How Do You Make Trendy new Drinking Vinegar



Are Those Trendy New Drinking Vinegars Actually Good For You?

There's a trendy new drink popping up near kombucha in health food stores around the country: Drinking vinegars. And while these tart and tangy drinks may sound a little strange (and a tad gag-inducing), they've been launched by some reputable players in the health food space such as Suja and Kevita. So we decided to test them out—and scrutinize their labels—to see if they're worth the -plus a bottle. (Want to pick up some healthier habits? Sign up to get healthy living tips and more delivered straight to your inbox!)

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What's inside the bottle?
First, it's important to know that not all vinegar-based drinks are the same. Some simply contain apple cider vinegar, water, some natural fruit juices, and maybe a bit of sugar; while others contain all that, plus the addition of probiotics. Both Suja's Drinking Vinegar and Kevita's Apple Cider Vinegar Tonic contain 4 billion colony-forming units of probiotic cultures, along with the calorie-free sweetener stevia. Suja's drinking vinegars run from 20 to 30 calories and 3 to 6 g of sugar per 13.5 oz bottle, while Kevita's contain 50 calories and 8 g of sugar per 16 oz bottle. 

With the popularity of these drinks growing, however, more companies are likely to launch vinegar-based drinks, and it's important to always read labels and watch out for excess sugar, says Jen McDaniel, registered dietitian and spokesperson for the Academy of Nutrition and Dietetics. The same thing happened when kombucha became wildly popular—the first brands to launch typically had around 2 to 4 g of sugar per serving, while some of the newer, more "palate-pleasing" varieties pack upwards of 20 g.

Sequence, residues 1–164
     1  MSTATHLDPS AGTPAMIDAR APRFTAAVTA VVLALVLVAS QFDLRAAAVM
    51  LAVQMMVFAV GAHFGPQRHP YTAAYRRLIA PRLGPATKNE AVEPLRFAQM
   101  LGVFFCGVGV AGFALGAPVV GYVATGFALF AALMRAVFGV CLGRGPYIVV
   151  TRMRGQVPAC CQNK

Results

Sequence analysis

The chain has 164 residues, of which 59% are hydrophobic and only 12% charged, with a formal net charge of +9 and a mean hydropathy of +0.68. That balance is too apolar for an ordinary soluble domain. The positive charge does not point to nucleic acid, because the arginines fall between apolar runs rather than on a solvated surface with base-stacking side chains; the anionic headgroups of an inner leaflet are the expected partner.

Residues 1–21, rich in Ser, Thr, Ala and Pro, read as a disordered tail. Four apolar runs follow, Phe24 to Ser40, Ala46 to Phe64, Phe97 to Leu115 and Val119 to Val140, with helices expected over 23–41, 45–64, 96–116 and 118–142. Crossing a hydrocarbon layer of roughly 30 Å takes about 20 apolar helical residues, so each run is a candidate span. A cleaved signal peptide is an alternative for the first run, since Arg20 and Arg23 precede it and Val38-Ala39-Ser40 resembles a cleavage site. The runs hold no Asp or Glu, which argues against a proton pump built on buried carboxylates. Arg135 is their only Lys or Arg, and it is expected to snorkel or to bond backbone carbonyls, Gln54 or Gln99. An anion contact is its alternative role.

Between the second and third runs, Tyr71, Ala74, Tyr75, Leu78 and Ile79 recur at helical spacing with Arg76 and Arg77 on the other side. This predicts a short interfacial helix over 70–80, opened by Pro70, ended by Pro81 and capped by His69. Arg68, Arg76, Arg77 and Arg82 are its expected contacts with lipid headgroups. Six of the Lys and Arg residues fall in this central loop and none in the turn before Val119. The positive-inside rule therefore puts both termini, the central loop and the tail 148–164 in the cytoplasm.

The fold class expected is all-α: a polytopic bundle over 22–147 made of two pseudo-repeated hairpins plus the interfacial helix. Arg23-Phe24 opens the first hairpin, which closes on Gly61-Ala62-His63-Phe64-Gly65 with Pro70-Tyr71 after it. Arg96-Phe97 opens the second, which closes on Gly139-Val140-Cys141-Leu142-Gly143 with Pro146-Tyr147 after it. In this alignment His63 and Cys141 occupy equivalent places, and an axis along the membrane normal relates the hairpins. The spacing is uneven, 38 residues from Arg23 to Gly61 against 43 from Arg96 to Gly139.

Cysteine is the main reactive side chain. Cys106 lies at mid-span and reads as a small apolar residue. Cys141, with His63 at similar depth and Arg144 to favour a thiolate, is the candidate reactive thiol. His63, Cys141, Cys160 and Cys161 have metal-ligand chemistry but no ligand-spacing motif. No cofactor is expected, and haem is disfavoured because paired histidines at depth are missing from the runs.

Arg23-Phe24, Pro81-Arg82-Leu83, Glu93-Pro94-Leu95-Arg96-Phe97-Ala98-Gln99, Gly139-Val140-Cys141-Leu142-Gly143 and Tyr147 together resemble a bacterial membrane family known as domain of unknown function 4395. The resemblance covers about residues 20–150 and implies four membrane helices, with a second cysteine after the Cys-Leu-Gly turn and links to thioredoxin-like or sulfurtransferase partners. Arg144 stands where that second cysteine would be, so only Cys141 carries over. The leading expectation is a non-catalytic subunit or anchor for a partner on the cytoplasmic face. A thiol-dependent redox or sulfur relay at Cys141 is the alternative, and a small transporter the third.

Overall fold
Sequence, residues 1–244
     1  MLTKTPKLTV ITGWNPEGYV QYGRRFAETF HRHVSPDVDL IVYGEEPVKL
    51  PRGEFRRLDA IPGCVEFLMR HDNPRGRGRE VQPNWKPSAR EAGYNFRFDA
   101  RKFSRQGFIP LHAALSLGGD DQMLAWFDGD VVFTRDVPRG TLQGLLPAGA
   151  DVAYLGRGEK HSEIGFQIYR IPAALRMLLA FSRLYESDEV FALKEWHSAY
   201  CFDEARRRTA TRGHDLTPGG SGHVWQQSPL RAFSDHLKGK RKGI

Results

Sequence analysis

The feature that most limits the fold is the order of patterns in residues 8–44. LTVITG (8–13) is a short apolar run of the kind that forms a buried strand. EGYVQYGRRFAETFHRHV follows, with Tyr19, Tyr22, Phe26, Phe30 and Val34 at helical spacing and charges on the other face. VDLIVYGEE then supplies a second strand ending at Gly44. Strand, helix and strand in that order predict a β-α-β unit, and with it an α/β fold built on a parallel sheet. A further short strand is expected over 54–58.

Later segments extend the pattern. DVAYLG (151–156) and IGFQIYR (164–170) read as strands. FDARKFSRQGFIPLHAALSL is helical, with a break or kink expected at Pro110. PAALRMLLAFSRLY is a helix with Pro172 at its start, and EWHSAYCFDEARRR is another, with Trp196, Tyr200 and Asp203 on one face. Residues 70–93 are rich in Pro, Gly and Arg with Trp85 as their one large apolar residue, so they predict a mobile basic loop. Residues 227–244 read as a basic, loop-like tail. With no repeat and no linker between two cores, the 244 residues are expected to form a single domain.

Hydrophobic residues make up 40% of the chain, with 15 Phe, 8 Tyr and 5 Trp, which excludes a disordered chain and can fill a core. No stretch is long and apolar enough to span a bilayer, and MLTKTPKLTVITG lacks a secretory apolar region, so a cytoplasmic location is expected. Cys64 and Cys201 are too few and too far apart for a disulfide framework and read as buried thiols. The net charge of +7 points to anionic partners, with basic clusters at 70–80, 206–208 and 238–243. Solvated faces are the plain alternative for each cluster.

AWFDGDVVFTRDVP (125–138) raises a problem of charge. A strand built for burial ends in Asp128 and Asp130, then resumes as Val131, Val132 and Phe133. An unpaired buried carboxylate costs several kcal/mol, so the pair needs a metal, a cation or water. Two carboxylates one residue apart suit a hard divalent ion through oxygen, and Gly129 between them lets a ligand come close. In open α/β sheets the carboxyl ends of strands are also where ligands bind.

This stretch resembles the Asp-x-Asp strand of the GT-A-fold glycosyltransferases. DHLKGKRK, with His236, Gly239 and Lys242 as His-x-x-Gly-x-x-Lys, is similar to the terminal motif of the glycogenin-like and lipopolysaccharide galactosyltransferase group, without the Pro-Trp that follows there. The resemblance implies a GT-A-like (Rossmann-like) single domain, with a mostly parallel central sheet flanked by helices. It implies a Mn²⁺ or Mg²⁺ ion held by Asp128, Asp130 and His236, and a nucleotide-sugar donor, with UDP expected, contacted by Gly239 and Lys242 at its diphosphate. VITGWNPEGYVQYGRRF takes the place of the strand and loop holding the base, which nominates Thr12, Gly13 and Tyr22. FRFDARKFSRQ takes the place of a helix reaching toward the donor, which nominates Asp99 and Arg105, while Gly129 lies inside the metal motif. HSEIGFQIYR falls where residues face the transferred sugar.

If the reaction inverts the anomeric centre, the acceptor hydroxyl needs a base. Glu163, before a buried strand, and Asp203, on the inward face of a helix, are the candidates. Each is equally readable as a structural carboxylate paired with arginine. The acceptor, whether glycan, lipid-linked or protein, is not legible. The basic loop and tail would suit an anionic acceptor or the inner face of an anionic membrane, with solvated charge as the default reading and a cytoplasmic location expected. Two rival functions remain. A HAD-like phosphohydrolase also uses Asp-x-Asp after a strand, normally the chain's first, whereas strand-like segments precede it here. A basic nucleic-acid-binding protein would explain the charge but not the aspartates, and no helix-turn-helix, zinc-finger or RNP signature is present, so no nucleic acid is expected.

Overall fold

MORE:Can Apple Cider Vinegar Really Help You Lose Weight?

How do they taste?
If you're a kombucha lover (i.e. you're into strong, tart, tangy, bitter flavors), or just looking for something a bit unconventional, you will probably love these. Many drinking vinegars come in fun fruit and herbal flavors, like Suja's strawberry-balsamic, peach-ginger, and lemon-cayenne. They're also satisfying without being overly sweet—in fact, I found that the tartness seemed to enhance the natural flavors of the drink. Some drinking vinegars, like Kevita, are slightly fizzy; while others, like Suja, are flat. I found both to be tasty and very drinkable, so it's just a matter of personal preference. 

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Should you drink them?
While there is potential harm in drinking straight vinegar—the acidity can cause burns or irritation to the throat and harm tooth enamel—these drinks are diluted and don't carry the same risks, says McDaniel. And while they're not a magic elixir, there's some evidence that consuming vinegar in one form or another may offer health benefits. 

For one, researchers have found modest improvements in weight loss when vinegar is included in the diet, says McDaniel. But you should consider it something that could complement an otherwise healthy diet—not a miracle mixture.

Additionally, vinegar has been shown to slightly reduce the rise in blood sugars after eating carbohydrates, which has perks beyond subtly reducing future carb cravings: "When vinegar is combined with carbohydrate-rich foods, the vinegar appears to inhibit the complete digestion of the starch," says McDaniel. "These starches then act as prebiotics, which become food for the good bacteria in the gut, supporting overall immunity and digestion." And given this prebiotic effect, it makes sense that a drinking vinegar brand that also contains probiotics could further support a healthy microbiome. 

Consider making your own
While splurging on the occasionally pricey bottled drink is okay, making your own drinking vinegar is easy and much more wallet-friendly.






Video: Debunking the health myths surrounding apple cider vinegar

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Date: 12.12.2018, 19:54 / Views: 81191